Summer Shift

SummerShift1I couldn’t wait for the kids to get out of school for summer. To sleep in late, eat leisurely breakfasts without making lunches at the same time and not have to race to school before the 7:55 bell ran.

After the end-of-year ceremony on Friday morning, we had a picnic back at our house for both Andie and Tucker’s classes. The party was scheduled to go until 1:00 pm, but the last family left just after 4:00 and a couple of kids stayed over for the night.

Saturday brought soccer games and more end-of-year parties, and Sunday brought even more of the same. The kids were tired, yet loved every minute of the constant entertainment.

Then Monday morning arrived with pouring rain, and not an activity in sight. I was thrilled.  I woke early and read in bed, imagining the glorious, unscheduled day that lay ahead.

But by 1:00 in the afternoon, after saying no to TV for the hundredth time, repeatedly congratulating the kids on the luxury of being bored, tolerating their fighting and running out of chores for them to complete, I started to panic.

I wondered if it was too late to get them into summer camps. I wrote out a grid of calendar squares and made lists of all the activities for which I could sign them up. I remembered the fliers I’d seen at the café and the personal ads in the school newsletter. My pencil scratched across the page listing tennis lessons, guitar and drum lessons, math tutoring, pottery and painting lessons, swimming lessons, archery, basketball, soccer and circus camps. These kids wouldn’t be bored by the time I was done with them.

Then a photo on my desk from last summer caught my eye. The kids were tanned, wearing over sized sweatshirts, sitting on beach chairs around a backyard campfire with s’more sticks balanced in their hands. I studied the picture and told myself to hang in there. Give the kids some time to make a shift and remember what it feels like to have unplanned, open-ended time. They will remember, I told myself.  Resist the urge to plan.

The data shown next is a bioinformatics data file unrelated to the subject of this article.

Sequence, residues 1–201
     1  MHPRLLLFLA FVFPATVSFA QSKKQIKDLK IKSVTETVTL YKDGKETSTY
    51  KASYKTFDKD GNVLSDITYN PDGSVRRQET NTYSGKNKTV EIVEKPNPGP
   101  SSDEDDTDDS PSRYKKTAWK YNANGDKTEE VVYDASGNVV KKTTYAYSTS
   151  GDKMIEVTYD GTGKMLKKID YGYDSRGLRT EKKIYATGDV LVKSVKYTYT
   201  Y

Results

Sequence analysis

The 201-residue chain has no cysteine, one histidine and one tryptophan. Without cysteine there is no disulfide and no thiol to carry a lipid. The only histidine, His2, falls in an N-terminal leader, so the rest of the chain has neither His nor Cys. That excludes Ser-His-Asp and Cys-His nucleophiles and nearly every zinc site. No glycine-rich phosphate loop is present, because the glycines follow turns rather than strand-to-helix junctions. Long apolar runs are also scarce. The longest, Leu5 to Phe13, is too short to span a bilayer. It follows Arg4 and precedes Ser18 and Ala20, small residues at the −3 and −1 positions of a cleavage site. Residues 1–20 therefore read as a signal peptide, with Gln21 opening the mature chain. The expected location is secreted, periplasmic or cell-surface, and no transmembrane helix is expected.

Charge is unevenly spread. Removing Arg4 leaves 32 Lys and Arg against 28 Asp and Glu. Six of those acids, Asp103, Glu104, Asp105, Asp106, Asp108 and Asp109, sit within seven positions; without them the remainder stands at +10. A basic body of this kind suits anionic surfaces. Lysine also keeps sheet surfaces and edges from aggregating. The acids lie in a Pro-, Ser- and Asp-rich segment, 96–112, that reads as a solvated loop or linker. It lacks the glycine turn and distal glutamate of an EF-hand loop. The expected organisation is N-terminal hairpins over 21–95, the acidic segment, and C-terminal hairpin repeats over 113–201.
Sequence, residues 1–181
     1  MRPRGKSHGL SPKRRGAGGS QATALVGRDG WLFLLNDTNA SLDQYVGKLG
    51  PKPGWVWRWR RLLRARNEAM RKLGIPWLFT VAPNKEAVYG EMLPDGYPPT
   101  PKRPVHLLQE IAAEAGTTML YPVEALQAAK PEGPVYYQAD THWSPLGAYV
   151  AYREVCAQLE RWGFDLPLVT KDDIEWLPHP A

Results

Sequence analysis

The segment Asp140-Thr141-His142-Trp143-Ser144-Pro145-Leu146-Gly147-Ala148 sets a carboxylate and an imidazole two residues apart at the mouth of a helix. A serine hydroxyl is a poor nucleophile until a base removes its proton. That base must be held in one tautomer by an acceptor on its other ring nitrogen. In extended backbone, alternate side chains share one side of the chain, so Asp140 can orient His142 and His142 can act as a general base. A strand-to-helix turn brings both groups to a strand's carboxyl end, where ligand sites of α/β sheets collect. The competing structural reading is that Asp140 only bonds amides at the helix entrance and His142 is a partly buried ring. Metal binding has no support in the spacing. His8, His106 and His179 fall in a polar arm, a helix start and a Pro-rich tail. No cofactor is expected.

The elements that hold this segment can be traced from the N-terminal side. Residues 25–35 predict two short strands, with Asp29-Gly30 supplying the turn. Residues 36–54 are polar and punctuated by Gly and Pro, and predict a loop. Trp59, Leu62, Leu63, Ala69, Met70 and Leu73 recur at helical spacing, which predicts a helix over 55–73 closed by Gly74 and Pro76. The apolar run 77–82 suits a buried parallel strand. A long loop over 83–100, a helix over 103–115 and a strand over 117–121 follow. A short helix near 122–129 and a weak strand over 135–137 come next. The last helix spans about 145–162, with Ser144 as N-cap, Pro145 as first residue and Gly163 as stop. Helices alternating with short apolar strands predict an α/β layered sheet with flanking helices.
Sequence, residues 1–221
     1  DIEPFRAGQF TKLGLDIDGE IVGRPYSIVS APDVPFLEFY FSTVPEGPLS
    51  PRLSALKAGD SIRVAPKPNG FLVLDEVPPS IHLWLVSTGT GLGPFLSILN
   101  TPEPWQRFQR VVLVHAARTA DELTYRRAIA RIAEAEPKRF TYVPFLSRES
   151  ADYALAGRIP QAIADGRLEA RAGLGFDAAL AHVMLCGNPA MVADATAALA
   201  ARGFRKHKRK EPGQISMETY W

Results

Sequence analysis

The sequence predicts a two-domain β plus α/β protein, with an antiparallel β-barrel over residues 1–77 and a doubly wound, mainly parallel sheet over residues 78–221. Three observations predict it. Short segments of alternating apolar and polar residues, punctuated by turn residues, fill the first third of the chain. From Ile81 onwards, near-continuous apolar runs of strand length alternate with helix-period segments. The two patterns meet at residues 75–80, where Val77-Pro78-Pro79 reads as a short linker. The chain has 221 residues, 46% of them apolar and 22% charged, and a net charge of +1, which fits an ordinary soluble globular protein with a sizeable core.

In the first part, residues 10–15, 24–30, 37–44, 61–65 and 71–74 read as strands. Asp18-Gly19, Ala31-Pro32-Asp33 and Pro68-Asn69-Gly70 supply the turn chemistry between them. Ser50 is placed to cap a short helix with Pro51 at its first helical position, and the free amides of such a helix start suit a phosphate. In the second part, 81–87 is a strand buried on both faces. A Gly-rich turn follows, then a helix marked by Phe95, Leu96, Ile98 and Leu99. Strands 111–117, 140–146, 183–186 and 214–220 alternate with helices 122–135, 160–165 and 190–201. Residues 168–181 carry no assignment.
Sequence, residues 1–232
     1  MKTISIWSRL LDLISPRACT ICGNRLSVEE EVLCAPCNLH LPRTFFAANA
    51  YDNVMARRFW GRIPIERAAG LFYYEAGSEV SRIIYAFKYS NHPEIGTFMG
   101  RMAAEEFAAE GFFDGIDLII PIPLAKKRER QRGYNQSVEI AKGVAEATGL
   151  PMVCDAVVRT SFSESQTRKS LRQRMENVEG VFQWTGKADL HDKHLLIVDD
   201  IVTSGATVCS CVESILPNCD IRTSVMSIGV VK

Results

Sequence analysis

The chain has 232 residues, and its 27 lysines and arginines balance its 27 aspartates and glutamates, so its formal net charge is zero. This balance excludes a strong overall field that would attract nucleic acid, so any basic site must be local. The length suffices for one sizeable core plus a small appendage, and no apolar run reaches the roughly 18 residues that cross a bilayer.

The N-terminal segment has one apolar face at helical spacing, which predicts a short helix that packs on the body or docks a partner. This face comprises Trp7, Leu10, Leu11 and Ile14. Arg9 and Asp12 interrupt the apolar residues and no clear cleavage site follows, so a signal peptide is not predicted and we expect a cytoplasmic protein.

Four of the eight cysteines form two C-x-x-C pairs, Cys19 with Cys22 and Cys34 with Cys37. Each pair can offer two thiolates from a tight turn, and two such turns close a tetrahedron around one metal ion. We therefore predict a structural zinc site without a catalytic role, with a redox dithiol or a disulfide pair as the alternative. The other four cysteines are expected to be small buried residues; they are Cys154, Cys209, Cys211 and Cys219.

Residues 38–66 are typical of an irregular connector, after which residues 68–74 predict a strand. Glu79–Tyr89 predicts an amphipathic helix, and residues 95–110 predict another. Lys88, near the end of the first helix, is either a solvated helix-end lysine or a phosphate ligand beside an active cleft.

So I slid my lists off to the side of my desk and let out the breath I didn’t know I’d been holding.

A little while later, the house had grown so quiet that I went in search of the kids. Soft talking and laughter was coming from Tucker’s room. When I peeked around his door, I saw the kids up on his bed with a card game spread out between them.

“Oh, hi Mom,” Tuck said, when he saw me looking in. “Andie’s teaching me to play Zeus on the Loose. You wanna play?”

The rain continued to splatter on the roof, and I felt our summer shift begin.

“There’s nothing I’d rather do,” I said, climbing up on the bed with the kids who would be all mine for the rest of the summer.

SummerShift2

We’re always on the look out for fun summer games and activities? Any you’d like to share?

SummerShift3

We’re always on the look out for fun summer games and activities? Any you’d like to share?

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